• The Pergamon Museum, which contains reconstruction of historic buildings.

In this museum complex, there is also the Lutsgarten or Pleasure Garden. Throughout history, this park has been a parade ground, a place for mass rallies and a public park. You will see there many people doing multiple things such as reading, studying, playing music etc.

The Berliner Dom or Berlin Cathedral is an Evangelical Supreme Parish and Collegial Church. It is such a beautiful and imposant building, and I would definitely see myself seating in Lutsgarten facing the Berliner Dom as a way to relax.



The Altes Museum



The Neue Wache (New Guardhouse)  has been the main memorial sites for the victims of war and tyranny since 1993. This memorial got severely damaged by bombs from WWII, but after 1960 once it got restored, Neue Wache served as a memorial to the victims of fascism and militarism. After the German reunification, it became the “Central Memorial of the Federal Republic of Germany for the Victims of War and Tyranny.” The statue in the center represents the Mother and her Dead Son.

The Holocaust Memorial, officially named the Monument to the Murdered Jews in Europe, is located near the Brandenburg Gate and not far from where the ruins of Hitler’s bunker is buried. This memorial is a space made up of 2,711 concrete slabs that have no dates or names, nothing.

The Marx-Engels Forum is a public park located in the central Mitte district of Berlin. The two statues represent Karl Marx and Friedrich Engels, hence the name of the park. Marx and Engels were the authors of the Communist Manifesto of 1848 and were the founders of the communist movement, to which ideology  the GDR was dedicated. This Marx-Engel Forum is now a tourist attraction.



Checkpoint Charlie

Checkpoint Charlie has been the main and best known crossing point between East and West Berlin, making it a symbol of the Cold War. It was the place where Soviet and American tanks faced each other during Berlin crisis of 1961. Checkpoint Charlie is now a tourist attraction and The Haus am Checkpoint Charlie museum opened two years after the wall was erected.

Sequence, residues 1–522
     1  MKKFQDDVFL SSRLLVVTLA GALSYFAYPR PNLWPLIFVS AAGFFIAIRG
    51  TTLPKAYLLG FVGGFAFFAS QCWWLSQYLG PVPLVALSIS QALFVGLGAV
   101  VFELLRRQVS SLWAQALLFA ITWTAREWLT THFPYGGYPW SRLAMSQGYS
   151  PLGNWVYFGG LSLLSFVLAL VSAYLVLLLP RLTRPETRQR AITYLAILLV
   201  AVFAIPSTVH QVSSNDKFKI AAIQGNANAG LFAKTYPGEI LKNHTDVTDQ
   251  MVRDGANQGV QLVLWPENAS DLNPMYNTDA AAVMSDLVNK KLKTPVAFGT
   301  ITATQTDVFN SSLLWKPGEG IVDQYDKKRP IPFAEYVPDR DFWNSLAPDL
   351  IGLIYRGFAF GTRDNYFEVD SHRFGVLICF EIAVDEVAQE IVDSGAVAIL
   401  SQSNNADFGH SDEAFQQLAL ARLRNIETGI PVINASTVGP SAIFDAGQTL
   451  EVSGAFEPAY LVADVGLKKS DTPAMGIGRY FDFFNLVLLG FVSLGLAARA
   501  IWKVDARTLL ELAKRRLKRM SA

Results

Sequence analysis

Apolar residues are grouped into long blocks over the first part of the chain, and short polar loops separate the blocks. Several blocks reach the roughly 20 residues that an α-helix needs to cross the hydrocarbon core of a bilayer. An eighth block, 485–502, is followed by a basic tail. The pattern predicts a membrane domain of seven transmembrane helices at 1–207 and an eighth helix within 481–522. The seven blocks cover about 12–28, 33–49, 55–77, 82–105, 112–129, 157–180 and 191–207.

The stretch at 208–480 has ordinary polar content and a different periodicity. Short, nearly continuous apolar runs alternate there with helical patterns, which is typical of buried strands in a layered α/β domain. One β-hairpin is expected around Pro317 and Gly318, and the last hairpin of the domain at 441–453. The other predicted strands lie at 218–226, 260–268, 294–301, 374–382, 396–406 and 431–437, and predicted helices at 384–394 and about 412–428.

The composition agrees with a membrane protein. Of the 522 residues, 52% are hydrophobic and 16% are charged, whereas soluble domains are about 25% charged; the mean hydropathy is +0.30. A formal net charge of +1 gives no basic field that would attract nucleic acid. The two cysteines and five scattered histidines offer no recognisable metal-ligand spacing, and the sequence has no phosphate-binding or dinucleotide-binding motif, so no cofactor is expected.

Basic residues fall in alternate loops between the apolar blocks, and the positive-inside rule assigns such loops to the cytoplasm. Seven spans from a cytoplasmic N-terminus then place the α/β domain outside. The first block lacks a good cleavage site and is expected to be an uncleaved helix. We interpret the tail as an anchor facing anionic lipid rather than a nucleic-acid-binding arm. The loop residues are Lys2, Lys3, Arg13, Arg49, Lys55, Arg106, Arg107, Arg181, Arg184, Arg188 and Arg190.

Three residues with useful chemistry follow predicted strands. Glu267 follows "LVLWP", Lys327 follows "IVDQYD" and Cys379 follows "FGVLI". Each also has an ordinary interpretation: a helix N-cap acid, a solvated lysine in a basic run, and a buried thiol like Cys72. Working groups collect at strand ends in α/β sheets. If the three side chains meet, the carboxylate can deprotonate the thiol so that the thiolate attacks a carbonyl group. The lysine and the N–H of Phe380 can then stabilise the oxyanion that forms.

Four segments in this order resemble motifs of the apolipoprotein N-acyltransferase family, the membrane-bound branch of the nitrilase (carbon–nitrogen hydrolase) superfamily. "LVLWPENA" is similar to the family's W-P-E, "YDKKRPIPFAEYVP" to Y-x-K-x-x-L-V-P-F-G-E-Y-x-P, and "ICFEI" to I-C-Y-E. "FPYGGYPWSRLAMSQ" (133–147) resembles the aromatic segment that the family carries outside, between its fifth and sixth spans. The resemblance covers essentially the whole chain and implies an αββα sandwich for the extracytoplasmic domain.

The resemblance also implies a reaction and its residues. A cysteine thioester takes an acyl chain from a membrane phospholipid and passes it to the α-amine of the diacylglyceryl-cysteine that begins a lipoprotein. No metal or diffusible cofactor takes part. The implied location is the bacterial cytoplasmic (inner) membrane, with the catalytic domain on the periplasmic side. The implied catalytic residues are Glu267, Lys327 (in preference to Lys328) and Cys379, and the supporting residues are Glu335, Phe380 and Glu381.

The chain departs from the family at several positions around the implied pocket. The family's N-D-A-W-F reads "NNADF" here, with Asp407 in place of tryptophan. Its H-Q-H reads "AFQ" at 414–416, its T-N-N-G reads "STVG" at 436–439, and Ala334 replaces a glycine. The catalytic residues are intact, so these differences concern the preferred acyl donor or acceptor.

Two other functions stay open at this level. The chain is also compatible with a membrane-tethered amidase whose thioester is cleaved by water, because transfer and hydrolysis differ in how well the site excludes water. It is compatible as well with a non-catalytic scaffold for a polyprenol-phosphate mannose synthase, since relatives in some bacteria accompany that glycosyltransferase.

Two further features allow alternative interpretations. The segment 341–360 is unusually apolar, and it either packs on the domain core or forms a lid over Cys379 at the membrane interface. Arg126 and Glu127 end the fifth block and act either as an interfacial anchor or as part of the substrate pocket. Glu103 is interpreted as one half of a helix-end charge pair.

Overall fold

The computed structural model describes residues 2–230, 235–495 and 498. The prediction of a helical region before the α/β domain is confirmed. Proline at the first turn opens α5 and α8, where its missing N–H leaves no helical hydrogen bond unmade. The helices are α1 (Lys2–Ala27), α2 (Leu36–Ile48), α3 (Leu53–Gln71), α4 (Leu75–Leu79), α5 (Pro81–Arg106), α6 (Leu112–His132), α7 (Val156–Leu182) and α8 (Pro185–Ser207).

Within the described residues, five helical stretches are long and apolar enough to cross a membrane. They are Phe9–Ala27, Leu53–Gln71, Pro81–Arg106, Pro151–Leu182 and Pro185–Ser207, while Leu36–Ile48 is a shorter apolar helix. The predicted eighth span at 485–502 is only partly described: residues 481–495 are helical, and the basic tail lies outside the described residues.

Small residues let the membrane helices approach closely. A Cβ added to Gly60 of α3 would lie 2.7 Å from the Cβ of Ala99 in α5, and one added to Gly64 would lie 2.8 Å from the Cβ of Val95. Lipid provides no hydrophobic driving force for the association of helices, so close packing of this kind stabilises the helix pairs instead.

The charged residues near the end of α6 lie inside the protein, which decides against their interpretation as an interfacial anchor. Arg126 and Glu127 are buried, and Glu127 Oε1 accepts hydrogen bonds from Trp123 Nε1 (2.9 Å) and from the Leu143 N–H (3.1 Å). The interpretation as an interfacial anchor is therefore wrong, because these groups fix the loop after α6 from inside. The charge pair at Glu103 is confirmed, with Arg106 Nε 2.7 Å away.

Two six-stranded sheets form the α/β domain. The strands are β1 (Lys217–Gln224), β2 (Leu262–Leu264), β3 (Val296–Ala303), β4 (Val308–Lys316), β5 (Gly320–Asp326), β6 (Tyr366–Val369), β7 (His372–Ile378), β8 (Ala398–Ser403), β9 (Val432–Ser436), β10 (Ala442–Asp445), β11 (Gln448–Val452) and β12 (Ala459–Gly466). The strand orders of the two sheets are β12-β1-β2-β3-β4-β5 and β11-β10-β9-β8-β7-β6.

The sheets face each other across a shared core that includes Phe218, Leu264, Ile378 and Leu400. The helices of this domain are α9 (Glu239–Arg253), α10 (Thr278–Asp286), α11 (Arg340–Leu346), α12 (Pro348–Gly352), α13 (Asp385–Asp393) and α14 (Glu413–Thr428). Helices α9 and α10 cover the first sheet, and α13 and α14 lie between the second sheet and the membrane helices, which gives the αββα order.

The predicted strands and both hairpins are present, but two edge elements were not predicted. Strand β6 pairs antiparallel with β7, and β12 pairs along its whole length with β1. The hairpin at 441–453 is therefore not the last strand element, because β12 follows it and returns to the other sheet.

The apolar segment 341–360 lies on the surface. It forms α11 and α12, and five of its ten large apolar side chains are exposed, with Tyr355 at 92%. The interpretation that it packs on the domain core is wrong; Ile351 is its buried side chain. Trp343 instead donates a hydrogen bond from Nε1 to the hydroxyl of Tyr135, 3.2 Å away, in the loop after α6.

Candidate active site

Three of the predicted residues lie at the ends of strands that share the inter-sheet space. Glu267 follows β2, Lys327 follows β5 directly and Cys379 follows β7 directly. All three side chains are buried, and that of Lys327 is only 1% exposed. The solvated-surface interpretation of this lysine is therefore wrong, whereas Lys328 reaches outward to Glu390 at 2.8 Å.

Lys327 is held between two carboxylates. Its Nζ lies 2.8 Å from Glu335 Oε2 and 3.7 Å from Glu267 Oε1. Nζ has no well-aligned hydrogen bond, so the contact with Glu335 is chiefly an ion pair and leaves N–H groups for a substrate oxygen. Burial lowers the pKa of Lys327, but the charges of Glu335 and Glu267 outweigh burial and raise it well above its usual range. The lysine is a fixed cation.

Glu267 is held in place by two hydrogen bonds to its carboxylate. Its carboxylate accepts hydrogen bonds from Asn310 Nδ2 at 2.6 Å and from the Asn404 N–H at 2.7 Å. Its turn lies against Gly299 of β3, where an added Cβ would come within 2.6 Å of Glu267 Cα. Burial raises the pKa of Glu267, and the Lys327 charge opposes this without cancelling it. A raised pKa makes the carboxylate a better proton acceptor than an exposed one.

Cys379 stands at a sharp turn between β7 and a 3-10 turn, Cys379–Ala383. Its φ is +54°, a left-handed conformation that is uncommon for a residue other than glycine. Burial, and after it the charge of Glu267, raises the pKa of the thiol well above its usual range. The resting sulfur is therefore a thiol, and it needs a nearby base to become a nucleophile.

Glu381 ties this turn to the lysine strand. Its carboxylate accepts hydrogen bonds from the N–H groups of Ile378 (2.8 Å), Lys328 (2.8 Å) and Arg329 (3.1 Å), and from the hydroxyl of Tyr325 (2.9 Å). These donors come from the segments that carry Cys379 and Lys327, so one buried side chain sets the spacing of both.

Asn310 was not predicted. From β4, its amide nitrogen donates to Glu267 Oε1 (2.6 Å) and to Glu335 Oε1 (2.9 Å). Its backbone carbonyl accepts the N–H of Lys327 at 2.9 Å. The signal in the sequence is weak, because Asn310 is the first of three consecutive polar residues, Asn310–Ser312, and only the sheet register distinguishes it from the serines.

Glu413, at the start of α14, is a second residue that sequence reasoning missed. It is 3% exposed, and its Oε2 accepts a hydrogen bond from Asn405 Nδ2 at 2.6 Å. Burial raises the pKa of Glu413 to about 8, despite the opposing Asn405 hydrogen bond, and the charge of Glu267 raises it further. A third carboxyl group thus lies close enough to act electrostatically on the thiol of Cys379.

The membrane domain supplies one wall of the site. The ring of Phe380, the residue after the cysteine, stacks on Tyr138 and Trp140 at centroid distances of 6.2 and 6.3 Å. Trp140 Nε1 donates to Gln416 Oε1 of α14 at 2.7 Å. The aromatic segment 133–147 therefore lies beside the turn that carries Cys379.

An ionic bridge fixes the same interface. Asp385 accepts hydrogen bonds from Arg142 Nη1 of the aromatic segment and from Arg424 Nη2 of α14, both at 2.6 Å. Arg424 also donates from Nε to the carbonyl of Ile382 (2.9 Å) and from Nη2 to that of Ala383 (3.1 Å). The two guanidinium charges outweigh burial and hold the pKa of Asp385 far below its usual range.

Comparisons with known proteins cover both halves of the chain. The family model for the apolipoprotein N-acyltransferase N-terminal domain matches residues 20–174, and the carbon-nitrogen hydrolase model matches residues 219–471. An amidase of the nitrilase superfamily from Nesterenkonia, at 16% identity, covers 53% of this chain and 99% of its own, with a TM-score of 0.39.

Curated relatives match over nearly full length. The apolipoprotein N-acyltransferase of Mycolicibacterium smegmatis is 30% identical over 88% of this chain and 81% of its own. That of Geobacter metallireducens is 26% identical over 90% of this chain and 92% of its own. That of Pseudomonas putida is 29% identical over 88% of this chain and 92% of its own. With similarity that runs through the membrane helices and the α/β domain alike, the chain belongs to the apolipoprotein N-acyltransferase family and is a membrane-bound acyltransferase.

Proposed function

East Side Gallery

The East Side Gallery is what remains of the Berlin Wall after it fell. It is now an international memorial for freedom and the world’s longest open air gallery. After the fall of the Berlin wall, in 1990, thousands of artists from all around the world immortalized the Berlin wall itself or themselves with paintings on the East side of the wall. There are over 100 paintings including the famous kiss of Erich Honecker and Leonid Brezhnev.

–> I have walked along the East Side Gallery and I can tell you: it is such a strange feeling. I mean, this wall is so symbolic and bears so much history that it is crazy to actually see remains of it. But I love street art, and all these paintings are awesome. They vehicle strong messages and are so inspiring.

East-Side-Gallery           East-Side-Gallery-collage


Why I love Berlin

When I think of Berlin, I always think of the History. I mean it was the center of the Nazi era due to the Berlin wall and Germany’s separation between East and West. But still, I was amazed with all the History in this city, and I loved it. Being French, I feel like France and Germany have such a close history that it touches me. I was glad to get to see all of this, including the memorials, since I think it is important to remember what happened and to realize how much we evolved since then.

P.S.: Besides History, Berlin is an artistic and hipster hub with a great party scene! But I will write another article and get into that in more details 😉


Have you ever been to Berlin? What is your favorite thing to see there?

©Copyright- All pictures are my own. Please do not take them without permission. If they aren’t mine, pictures are linked to the original website.